Given the enormous cultural impact of the Lord of the Rings books and films, I’d say visiting Hobbiton (aka the “Hobbiton Movie Set”) is pretty much a New Zealand must-do. Here’s a bit of our tour experience visiting Hobbiton and my top tips for planning a visit of your own!
Hobbiton is nestled in the gorgeous Waikato countryside, not too far from the town of Matamata. Whether you drive yourself or take a bus from Matamata, be sure to look out the window to enjoy the scenery!
The film set itself is located on a private farm quite a way back from the road. Beyond the exquisite rolling hills in every direction, there’s no real inkling of The Shire proper until you’re being driven in a bright green ‘Hobbiton’-emblazoned bus from the entrance (where the car park and shop are located), across the road and past lots of farmland and sheep.
Planning your trip
You don’t need to be a Lord of the Rings fan
I should say at this point that I’m not a huge Lord of the Rings fan. I’ve seen all the films and love the world that they created for them, but I’ve never been as crazy about the movies as others. At this point I hadn’t even read any Tolkien.
I mostly wanted to visit because I enjoy anything film related, and I thought it looked incredible from what I’d heard and seen online. I wasn’t wrong! In my view, if you think it looks like something you might enjoy, go ahead and visit. You definitely don’t have to be a huge fan of the books or films to appreciate such a magical place!
Choosing your visiting time
We visited in April, so made sure to book according to the weather forecast. We also reasoned that we should try and get on the first tour of the day (9am) so as not to have any tour groups ahead of us and in our photos. I’m so glad we did this and would highly recommend it!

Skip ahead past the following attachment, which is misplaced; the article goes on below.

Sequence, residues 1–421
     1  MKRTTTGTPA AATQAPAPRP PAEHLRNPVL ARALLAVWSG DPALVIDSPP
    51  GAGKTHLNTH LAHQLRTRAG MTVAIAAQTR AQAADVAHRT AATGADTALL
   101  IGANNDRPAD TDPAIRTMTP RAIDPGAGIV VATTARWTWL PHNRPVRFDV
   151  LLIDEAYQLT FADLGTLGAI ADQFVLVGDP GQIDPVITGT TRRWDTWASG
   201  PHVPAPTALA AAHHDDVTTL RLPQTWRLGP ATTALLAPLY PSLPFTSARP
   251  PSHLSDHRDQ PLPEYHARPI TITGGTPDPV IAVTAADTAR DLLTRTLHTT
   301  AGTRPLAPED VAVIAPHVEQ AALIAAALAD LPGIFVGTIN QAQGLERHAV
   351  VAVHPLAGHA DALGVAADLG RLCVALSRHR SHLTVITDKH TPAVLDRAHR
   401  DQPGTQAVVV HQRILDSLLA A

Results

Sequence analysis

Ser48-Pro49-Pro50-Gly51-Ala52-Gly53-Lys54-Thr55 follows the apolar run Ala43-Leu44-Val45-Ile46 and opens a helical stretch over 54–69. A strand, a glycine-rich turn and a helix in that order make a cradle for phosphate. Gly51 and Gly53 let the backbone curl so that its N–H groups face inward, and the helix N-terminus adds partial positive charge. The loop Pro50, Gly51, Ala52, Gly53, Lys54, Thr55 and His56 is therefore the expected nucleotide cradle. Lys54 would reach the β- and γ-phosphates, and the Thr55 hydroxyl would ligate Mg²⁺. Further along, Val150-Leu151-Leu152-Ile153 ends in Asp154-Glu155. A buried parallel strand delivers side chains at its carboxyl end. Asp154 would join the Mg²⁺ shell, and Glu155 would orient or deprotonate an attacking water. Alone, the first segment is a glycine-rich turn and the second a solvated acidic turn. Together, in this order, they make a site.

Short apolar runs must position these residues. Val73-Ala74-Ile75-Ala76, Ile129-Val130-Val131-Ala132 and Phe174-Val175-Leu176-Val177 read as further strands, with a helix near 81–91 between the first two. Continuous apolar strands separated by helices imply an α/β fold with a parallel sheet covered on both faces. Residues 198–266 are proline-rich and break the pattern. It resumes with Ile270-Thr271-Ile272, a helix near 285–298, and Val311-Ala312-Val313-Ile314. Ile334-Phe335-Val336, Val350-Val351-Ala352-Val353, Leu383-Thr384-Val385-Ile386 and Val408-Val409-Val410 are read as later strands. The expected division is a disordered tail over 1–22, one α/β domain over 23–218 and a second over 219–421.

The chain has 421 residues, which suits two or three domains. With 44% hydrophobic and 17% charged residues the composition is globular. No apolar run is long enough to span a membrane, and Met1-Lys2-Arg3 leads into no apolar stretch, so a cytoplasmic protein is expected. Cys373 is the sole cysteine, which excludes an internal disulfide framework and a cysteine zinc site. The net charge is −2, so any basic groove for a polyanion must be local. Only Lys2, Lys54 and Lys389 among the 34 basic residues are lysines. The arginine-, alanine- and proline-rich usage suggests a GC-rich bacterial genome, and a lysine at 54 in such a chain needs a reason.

The tours come thick and fast once the day gets going, and everywhere felt much busier once we returned to the entrance after our tour. It was worth dragging ourselves out of bed to experience the peacefulness of being some of the first people of the day to lay eyes on Hobbiton itself.
Where to buy tickets
If you’re happy to pay by debit or credit card, you can easily book online. We didn’t want to face the conversion fees from £ to NZD so we booked in person at the hobbit-themed Matamata iSite (see photo above!).
If you’re unfamiliar with NZ, it’s basically the equivalent of tourist information. They have a little shop inside too, if you fancy a preview of the goodies that await you at Hobbiton itself!
Experience the movie magic!
How to describe it…well, it was absolutely as magical as I’d hoped. Maybe I’m biased – I’m someone who is completely captivated by anything to do with movie/TV sets. (One day I’ll have to write about that time in Ghent, where we stumbled upon location filming for Emperor, or about my undying love for the WB Backlot in LA, or the Harry Potter Studio Tour in Watford…)
This was just as delightful as those experiences. It’s got all the interest of a living museum. Only better, because this is like walking into something better than reality ever can be – deliberately crafted to be quaint, charming and sanitised. You can really feel a sense of child-like wonder and charm around every corner.
I loved hearing the ‘behind the scenes’ information from the tour guide, like how they had to produce two different sizes of hobbit hole to give the illusion of different heights for the actors. (Gandalf would stand next to a tiny hobbit hole, to appear taller, whereas Bilbo would stand next to an equivalent larger one to look like he was hobbit height. Genius!) Or how they bought and hand-stitched artificial leaves onto the large oak tree behind Bag End.